So, how does a company—even a borderline global retail monopoly like Amazon—get to a point in which the decision to drop around $465 million at the outset of a project seems like sound business? Well, according to Salke, such decisions are often incited by sentimental fever pitches, which, much like the stock market, can abruptly drive prices to stratospheric levels.

“[It] is a crazy world and various people on this Zoom, mostly Bela [Netflix’s Bela Bejaria] and me, have been in bidding situations where it starts to go incredibly high,” confesses Salke. “There’s a lot of wooing and we have to make decisions on where we want to stretch and where we want to draw the line. As for how many people need to watch Lord of the Rings? A lot. (Laughs.) A giant, global audience needs to show up to it as appointment television, and we are pretty confident that that will happen.”

Contextually, HBO’s Game of Thrones, which was by far the most popular television series of the fantasy genre, made headlines in 2019 for the $90 million it spent on the abbreviated, six-episode eighth and final season, which made it the most expensive television series in history on a per-episode basis (although, the 10-episode season 6 cost $100 million). Yet, the onscreen woes of Westeros were never long for that title, since the story of Amazon’s gestating billion-dollar show was already a year old by the time Thrones aired its finale. Additionally, Amazon’s $465 million for The Lord of the Rings season 1 even triumphs in an apples-to-apples comparison with the highest-grossing movie of all-time, 2019’s Avengers: Endgame, which worked off a $356 million budget, but went on to gross $2.8 billion globally. One has to wonder if Salke and her cohorts at Amazon Studios believe that Rings—widely beloved as the franchise may be—has an earnings potential that’s even remotely close to that.

That question, of course, could be answered—at least partially—as soon as the last quarter of 2021, which seems to be a feasible window for Amazon to premiere The Lord of the Rings pilot, which, under the direction of Jurassic World: Fallen Kingdom’s J.A. Bayona, was completed several months ago. However, fans remain concerned over its appointment of an untested pair of showrunners in J.D. Payne and Patrick McKay, a notion exacerbated by recent reports of behind-the-scenes tumult over clashing visions for translating Tolkien to television. In what has become a red flag to fans, the once-auspicious tenure of Game of Thrones writer Bryan Cogman came to an abrupt end even before the pilot wrapped, and key consultants like renown Tolkien scholar Tom Shippey reportedly left in an uproar. Additionally, March’s controversial exit of cast member Tom Budge might have left a dent in its nevertheless-impressive onscreen ensemble as production continues on the series.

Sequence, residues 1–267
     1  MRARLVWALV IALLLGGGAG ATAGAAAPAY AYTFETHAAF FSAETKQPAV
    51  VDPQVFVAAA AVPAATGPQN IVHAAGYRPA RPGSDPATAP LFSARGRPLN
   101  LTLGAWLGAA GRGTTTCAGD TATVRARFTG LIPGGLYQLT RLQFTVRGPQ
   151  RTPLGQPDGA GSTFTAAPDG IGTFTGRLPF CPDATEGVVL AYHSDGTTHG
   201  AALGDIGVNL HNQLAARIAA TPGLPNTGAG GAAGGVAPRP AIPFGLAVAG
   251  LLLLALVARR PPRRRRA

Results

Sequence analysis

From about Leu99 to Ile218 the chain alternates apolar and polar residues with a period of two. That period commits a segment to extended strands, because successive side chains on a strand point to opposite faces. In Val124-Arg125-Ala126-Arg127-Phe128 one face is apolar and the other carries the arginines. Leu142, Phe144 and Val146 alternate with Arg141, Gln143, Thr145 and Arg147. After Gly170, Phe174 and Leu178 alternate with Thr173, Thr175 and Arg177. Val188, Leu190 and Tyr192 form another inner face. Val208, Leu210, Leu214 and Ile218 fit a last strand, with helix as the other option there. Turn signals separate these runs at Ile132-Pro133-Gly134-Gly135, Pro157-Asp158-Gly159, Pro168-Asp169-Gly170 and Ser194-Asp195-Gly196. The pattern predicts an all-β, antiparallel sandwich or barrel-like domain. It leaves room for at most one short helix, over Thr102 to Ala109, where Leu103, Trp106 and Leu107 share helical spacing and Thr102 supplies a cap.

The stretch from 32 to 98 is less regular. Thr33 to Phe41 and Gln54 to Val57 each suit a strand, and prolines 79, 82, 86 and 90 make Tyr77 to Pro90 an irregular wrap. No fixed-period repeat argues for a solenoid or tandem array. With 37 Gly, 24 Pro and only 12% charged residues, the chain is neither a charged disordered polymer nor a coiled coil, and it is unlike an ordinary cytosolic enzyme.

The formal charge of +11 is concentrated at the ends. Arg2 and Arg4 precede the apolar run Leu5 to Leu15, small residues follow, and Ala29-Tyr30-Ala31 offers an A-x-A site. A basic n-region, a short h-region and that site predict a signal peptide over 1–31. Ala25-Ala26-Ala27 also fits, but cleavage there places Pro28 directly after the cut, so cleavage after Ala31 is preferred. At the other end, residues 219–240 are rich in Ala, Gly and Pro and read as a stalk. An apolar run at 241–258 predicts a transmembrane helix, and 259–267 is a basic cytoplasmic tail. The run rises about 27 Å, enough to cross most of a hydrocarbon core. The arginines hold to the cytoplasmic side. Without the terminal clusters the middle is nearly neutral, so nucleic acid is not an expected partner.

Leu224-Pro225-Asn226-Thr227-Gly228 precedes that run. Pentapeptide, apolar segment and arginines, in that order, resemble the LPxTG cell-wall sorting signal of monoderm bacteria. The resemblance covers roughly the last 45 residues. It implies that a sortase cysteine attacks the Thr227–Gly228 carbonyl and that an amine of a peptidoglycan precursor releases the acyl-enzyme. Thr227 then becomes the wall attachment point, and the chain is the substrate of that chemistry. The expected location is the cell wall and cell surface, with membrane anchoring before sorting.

Regardless, fans of the beloved IP remain excited to see how Amazon’s spendthrift habits will make The Lord of the Rings manifest in streaming small screen form. As of now, the company has yet to even reveal a proper title for the series, much less unveil a trailer or drop a release date. However, as we head to the middle of 2021, a surprise on this front seems destined to occur soon enough.